In a long and lively argument that touched on medical science and moral philosophy, the Supreme Court Tuesday seemed ready to accept that at least some for-profit corporations may advance claims based on religious freedom.
Such a ruling would echo the court’s 2010 decision in Citizens United, which recognized free speech rights for corporations. But it would be only a first step in the court’s analysis of the lawfulness of a part of the Affordable Care Act that requires many employers to provide insurance coverage for contraception.
The justices seemed closely divided along ideological lines on other parts of the case. But Justice Anthony M. Kennedy, who probably holds the crucial vote, seemed frustrated with some of the Obama administration’s positions.
The questioning was sometimes technical but often unusually blunt and direct.
Kennedy asked Solicitor General Donald B. Verrilli Jr., for instance, whether for-profit corporations “could be forced in principle to pay for abortions” and be powerless to object on religious grounds.
Verrilli said that was right, though he added that there was no such law.
Chief Justice John G. Roberts Jr. jumped in. “Flesh it out a little more,” he said. “There is no law on the books that does what?”
Squirming, Verrilli said, “That requires for-profit corporations to provide abortions.”
Roberts looked puzzled. “I thought that’s what we had before us,” he said.
The two companies that challenged the law - Hobby Lobby, a chain of crafts stores, and Conestoga Wood Specialties, which makes furniture - say that some drugs and intrauterine devices are tantamount to abortion. Those claims are not generally accepted by scientists.
Verrilli said he did not question the sincerity of the companies’ beliefs. “With all due respect,” he added, “we’ve got about 2 million women who rely on the IUD as a method of birth control in this country. I don’t think they think they are engaged in abortion in doing that.”
By the end of the argument, there seemed to be a tentative consensus that the two companies, both controlled by religious families, could be allowed to claim rights under the relevant law, the Religious Freedom Restoration Act of 1993, without opening the floodgates to objections from major public corporations.
“You picked great plaintiffs,” Justice Sonia Sotomayor told Paul D. Clement, a lawyer for the companies.
Roberts said the court could limit its decision to privately held corporations. “Whether it applies in the other situations is a question that we'll have to await another case when a large publicly traded corporation comes in and says, ‘We have religious principles,'” he said, adding that this was “the sort of situation I don’t think is going to happen.”
Justice Samuel A. Alito Jr. asked about news reports that “Denmark recently prohibited kosher and halal slaughter methods because they believe that they are inhumane.”
“Now suppose,” he said, “Congress enacted something like that here. What would a corporation that is a kosher or halal slaughterhouse do? They would have no recourse whatsoever. They couldn’t even get a day in court.”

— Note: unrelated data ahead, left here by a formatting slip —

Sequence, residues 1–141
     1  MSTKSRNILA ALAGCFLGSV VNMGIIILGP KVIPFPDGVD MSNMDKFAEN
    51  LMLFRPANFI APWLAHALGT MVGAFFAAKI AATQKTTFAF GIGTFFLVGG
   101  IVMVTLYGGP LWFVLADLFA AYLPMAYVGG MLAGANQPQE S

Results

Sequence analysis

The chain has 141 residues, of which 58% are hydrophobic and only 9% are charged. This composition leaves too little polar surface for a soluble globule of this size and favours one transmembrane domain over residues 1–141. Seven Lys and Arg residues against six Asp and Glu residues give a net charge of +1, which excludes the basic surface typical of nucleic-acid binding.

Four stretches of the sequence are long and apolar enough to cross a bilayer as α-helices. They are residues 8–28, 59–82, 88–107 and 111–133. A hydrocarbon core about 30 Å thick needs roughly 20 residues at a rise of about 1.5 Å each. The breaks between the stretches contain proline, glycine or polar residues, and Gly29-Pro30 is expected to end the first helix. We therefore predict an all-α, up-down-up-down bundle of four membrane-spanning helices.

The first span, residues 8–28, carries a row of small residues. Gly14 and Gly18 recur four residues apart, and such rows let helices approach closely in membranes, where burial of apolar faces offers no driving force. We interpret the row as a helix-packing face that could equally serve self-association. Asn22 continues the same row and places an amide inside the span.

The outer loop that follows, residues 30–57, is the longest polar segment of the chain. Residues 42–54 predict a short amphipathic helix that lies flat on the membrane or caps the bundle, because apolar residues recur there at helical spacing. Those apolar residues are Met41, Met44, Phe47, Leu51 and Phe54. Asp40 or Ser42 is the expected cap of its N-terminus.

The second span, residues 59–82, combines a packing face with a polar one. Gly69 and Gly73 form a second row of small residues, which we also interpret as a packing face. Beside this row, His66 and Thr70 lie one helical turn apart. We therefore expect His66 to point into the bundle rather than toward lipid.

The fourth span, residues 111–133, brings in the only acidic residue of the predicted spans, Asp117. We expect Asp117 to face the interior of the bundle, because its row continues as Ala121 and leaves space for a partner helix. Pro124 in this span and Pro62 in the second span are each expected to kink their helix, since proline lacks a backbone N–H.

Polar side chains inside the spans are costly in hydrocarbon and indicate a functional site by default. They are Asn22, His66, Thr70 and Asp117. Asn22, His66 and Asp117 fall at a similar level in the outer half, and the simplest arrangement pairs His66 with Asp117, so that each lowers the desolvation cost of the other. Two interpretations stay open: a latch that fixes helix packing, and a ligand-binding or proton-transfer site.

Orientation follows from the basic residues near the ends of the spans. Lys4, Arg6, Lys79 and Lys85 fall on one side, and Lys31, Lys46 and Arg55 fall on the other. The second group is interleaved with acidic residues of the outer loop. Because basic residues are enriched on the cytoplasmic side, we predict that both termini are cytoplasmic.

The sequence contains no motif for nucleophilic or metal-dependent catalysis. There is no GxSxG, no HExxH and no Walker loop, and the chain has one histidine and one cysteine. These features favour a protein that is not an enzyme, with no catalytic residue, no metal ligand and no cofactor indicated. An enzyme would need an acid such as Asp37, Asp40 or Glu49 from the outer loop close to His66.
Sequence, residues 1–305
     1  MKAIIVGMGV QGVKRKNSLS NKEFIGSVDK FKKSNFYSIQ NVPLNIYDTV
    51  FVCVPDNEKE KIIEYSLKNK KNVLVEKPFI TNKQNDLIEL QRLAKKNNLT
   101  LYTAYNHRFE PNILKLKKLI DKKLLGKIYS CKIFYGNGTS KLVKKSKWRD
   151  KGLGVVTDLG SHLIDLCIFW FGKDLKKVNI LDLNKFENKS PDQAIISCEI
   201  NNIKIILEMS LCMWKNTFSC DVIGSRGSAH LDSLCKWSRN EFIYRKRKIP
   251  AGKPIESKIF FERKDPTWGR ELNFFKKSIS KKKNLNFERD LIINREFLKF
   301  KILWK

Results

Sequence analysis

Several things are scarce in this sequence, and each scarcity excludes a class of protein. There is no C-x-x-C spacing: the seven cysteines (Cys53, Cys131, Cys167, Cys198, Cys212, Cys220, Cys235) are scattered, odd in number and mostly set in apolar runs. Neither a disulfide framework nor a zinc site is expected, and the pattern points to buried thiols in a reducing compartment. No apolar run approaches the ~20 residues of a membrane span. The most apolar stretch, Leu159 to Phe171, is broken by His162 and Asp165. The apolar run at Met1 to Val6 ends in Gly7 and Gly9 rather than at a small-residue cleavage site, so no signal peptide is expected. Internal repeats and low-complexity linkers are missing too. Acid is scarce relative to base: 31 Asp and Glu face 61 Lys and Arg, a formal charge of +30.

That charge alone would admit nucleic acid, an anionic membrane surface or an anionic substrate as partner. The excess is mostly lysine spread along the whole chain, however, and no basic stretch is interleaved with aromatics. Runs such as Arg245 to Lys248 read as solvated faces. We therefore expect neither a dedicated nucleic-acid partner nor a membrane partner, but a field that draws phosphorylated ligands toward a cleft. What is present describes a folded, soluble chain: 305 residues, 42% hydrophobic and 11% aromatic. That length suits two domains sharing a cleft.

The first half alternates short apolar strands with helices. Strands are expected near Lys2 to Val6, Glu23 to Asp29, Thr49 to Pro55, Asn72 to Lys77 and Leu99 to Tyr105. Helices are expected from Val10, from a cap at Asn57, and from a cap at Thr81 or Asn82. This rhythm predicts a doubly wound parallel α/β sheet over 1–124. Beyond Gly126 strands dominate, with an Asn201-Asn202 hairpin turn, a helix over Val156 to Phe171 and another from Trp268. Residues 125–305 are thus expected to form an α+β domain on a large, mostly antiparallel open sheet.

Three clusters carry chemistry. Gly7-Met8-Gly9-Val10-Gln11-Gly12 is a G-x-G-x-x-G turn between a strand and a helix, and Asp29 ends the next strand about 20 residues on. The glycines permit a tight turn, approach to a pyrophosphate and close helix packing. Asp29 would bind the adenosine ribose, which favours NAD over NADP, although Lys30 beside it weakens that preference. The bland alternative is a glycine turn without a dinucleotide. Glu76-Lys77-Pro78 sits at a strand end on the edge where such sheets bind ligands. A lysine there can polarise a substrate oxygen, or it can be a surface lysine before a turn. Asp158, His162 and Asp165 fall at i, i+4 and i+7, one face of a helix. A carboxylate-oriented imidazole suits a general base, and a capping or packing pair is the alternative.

Much of the argument concerned whether the coverage requirement imposed a serious burden on the companies, a threshold question under the 1993 law. The companies remained free, some justices said, not to offer health insurance at all, pay a tax and emerge financially better off. On that point, the court’s liberal wing seemed to have Kennedy’s support.
“How is the employer hurt?” he asked.
But Roberts said that approach ignored another problem. “I thought that part of the religious commitment of the owners was to provide health care for its employees,” he said.
Kennedy also seemed to side with his more liberal colleagues when they said religious objections that imposed burdens on others should not be allowed. Here, Kennedy expressed solicitude for “the rights of the employees.”
“The employee may not agree with the religious beliefs of the employer,” he said. “Does the religious beliefs just trump? Is that the way it works?”
But Kennedy also had significant and possibly crucial reservations about the Obama administration’s carrying out of the contraceptive coverage requirement. It was hard to see, he suggested, how the requirement could simultaneously be a compelling government interest and yet be subject to a web of exemptions and accommodations for religious groups and others.
A decision in the two consolidated cases - Sebelius v. Hobby Lobby Stores, No. 13-354, and Conestoga Wood Specialties v. Sebelius, No. 13-356 - is expected by the end of June, two years after a closely divided court upheld another provision of the Affordable Care Act, one requiring most Americans to obtain health insurance or pay a penalty.
At the time, the decision created tension and bitterness on the court. But the references to it on Tuesday were lighthearted.
When Clement said his clients would face annual penalties if they failed to provide health insurance, Sotomayor corrected him, relying on a distinction that played a role in Roberts’ 2012 opinion upholding the law.
“It’s not called a penalty,” she said. “It’s called a tax.”
Roberts agreed, to laughter in the courtroom. “She’s right about that,” he said.
Later, Kennedy, who dissented in the 2012 case, playfully asked Verrilli whether “the constitutionality of the whole act has to be examined before we accept your view.”
Verrilli’s response was also greeted with laughter. “I think it has been examined, Your Honor, is my recollection,” he said